WITHOUT DUE PROCESS FOR
Detainees May Lose Access to Lawyers
By ANDREW O. SELSKY
November 9, 2006
SAN JUAN, Puerto Rico (AP) - Guantanamo Bay prisoners could soon lose access to their lawyers -- one of their only contacts with the outside world -- because of a new law that eliminates their right to challenge their detention in civilian courts, the lawyers fear.
Even as lawyers are asking a federal court to rule that provisions of the law are unconstitutional, the government is seeking to restrict their access to the isolated Guantanamo military base. And for at least one detainee, the government is trying to ban civilian lawyers altogether.
For now, Guantanamo officials are holding off on restricting lawyers' access to the U.S. base in southeast Cuba, Navy Commander Robert Durand told the Associated Press. Lawyers say doing so will further shroud the detention center in secrecy and could invite abuses.
"If attorneys were kept from visiting Guantanamo, the only information regarding conditions there would be provided by the government," said Joshua Colangelo-Bryan, a New York lawyer whose Bahraini client tried to commit suicide at Guantanamo last year as Colangelo-Bryan was visiting him.
Word of hunger strikes, detainee despair, solitary confinement and other details has come from attorneys who have developed relationships with prisoners -- many of whom have been held for almost five years.
Aside from lawyers, the 430 detainees now have personal contact with military guards, interrogators and get an occasional visit from the Red Cross, which keeps its findings confidential. Journalists are prohibited from speaking with detainees. Relatives cannot visit, although they can exchange letters censored by the U.S. military.
The lawyers' main accusation is that the new Military Commissions Act denies their clients the most basic tenet of law -- the right to challenge one's imprisonment.
Signed last month by President Bush, the law says no court can hear a petition of habeas corpus -- a right enshrined in the U.S. Constitution -- from any non-U.S. citizen determined to be an enemy combatant or held under suspicion of being one.
Habeas corpus, which has been around since the Magna Carta of 1215, obligates officials to explain in court why those arrested are being held.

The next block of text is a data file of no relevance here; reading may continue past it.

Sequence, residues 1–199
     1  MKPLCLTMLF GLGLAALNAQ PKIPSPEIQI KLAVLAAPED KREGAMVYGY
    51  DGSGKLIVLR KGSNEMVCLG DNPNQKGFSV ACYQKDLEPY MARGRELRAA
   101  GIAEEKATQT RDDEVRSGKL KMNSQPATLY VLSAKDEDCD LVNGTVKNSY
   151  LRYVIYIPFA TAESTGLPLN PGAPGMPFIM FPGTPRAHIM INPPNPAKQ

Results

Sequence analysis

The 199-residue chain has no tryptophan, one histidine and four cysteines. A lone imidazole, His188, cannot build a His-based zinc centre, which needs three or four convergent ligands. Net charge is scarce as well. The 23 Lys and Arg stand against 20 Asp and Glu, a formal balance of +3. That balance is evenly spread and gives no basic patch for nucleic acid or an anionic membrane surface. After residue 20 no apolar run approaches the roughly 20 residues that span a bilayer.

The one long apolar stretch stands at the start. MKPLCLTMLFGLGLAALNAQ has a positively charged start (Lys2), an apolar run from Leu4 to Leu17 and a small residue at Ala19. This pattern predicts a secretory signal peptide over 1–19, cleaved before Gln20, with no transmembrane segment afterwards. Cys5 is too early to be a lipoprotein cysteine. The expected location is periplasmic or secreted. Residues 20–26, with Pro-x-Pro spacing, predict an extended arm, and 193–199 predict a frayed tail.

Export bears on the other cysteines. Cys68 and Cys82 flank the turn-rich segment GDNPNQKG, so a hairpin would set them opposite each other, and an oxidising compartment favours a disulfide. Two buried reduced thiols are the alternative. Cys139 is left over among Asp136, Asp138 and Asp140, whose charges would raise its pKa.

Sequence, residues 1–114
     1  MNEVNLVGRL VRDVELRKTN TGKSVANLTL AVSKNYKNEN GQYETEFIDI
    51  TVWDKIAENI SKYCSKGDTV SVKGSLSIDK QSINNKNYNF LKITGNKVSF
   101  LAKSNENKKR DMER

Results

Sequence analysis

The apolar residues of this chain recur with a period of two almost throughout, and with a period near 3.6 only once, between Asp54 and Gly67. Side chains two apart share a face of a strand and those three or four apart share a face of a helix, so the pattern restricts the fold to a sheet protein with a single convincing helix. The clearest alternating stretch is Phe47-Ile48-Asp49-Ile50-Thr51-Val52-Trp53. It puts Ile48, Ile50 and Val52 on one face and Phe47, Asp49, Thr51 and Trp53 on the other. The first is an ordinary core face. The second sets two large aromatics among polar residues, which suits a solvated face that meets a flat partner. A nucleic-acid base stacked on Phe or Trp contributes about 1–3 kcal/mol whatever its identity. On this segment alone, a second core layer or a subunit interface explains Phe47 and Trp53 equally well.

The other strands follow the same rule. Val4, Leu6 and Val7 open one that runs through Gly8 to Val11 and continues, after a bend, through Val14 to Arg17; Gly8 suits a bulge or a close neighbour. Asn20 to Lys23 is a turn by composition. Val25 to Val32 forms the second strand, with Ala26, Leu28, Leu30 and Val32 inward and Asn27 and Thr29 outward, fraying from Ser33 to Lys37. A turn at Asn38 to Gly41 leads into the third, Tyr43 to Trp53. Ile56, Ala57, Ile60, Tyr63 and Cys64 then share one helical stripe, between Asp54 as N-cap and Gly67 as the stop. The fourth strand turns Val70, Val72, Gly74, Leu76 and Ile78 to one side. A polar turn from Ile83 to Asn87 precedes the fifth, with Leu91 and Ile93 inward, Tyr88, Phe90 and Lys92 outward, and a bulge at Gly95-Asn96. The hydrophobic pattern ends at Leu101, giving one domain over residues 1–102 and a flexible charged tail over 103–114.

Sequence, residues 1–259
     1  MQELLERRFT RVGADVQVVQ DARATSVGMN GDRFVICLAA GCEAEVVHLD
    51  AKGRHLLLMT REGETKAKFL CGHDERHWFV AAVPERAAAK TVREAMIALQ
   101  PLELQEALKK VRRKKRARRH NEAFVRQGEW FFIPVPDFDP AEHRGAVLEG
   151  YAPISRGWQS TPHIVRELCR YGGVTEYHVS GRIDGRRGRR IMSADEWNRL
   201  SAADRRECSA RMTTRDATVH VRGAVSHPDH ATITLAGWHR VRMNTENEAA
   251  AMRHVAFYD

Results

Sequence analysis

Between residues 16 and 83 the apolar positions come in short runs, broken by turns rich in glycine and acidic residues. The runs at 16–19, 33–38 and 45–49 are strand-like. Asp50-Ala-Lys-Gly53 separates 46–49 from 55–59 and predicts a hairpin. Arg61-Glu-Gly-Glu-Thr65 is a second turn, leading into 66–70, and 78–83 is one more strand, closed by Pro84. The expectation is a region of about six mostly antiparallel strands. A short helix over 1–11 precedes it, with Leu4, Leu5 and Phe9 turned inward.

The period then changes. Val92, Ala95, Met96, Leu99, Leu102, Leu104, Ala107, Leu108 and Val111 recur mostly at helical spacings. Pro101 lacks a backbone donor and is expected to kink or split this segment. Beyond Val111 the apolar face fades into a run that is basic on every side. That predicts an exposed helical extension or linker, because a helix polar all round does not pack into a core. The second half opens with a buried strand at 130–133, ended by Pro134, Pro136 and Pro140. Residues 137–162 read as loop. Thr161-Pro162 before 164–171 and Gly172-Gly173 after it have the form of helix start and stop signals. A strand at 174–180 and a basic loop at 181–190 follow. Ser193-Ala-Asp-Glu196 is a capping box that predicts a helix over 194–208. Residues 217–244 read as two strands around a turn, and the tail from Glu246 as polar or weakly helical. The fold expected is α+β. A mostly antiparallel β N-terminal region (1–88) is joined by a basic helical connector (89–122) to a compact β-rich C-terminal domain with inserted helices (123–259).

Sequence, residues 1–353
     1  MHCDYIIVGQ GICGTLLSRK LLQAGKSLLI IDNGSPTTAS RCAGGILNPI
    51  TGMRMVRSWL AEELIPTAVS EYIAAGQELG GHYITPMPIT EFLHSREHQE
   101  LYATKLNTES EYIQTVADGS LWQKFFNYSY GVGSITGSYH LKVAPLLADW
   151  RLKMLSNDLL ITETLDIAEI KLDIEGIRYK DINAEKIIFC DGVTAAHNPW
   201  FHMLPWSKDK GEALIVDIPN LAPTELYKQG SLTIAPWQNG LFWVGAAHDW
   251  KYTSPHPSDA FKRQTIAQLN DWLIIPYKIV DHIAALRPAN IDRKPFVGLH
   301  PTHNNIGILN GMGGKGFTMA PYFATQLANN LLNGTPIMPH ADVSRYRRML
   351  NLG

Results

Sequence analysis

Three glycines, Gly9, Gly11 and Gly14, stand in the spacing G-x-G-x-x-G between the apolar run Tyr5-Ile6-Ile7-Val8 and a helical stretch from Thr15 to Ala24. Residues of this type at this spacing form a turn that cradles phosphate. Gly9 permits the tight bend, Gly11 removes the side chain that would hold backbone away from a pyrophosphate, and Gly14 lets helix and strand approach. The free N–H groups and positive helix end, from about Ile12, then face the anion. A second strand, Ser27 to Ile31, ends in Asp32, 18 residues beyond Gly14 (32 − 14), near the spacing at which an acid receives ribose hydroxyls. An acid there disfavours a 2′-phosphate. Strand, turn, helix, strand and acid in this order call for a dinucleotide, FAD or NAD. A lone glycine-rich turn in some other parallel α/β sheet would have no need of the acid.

"This law doesn't apply only to Guantanamo," said Gaillard Hunt, an attorney for a detained Pakistani businessman. "It applies to every non-U.S. citizen. It empowers the executive branch to get anyone anywhere, and there's no habeas corpus for them."
The Detainee Treatment Act, signed by Bush almost a year ago, stripped enemy combatants of the right to file habeas petitions, but the newer law makes it retroactive. Durand said from Guantanamo that if the new law forces a federal court to throw out pending habeas cases, base commanders would then have the authority to stop or curtail lawyers' visits.
Attorney General Alberto Gonzales maintained last month that habeas corpus was never intended to apply to "alien enemy combatants" and is meant for people in police custody. But the manner in which a detainee is determined to be an enemy combatant riles defense attorneys, who have been working without pay for Guantanamo detainees.
A Combatant Status Review Tribunal, headed by three U.S. military officers, determines whether a detainee is an enemy combatant. The detainee cannot have an attorney for the hearing, and part of the evidence may be classified.
The government uses the term "combatant" loosely. Those accused of belonging to aid groups allegedly linked to terrorist organizations have been branded enemy combatants, even though they were never accused of carrying a gun or bomb.
David Cynamon, whose law firm represents four detainees from Kuwait, said the military hearings are no substitute for a habeas court hearing. "They were averaging three a day. These things were a joke."
A federal court of appeals in Washington can review the finding of a Combatant Status Review Tribunal, but is limited largely to considering whether it is consistent with "standards and procedures" established by the new law.
The government is proposing that defense lawyers can have no more than four meetings with detainees pursuing cases with the Washington appeals court. The government said in court filings it also wants to tighten censorship of mail from attorneys and allow the military to restrict what lawyers discuss with detainees, arguing that they could become violent if they hear about world events.
Defense lawyers see the proposals as an attempted blackout on news from Guantanamo.
"It reflects a cynical attempt by the government to staunch the flow of information out of Guantanamo, a cynical effort by the government to conceal facts about who really is being detained at Guantanamo," said attorney Wells Dixon of the Center for Constitutional Rights, which represents several hundred Guantanamo detainees.
The Bush administration says Majid Khan, who graduated from high school in Maryland and was allegedly involved in a plot to blow up gas stations, should not be allowed to speak to a civilian attorney at all.
Khan was arrested in Pakistan in 2003 and held by the CIA before being recently transferred to Guantanamo. The government said in an Oct. 26 court filing that if those held in secret CIA prisons speak to a civilian lawyer, information about interrogation tactics could come out, allowing terrorists to adapt their training.
"It's outrageous. A man held for 3 1/2 years and likely subjected to torture, for the government to now deny him access to counsel," said Dixon. "They want to prevent him from making his torture and abuse from becoming public."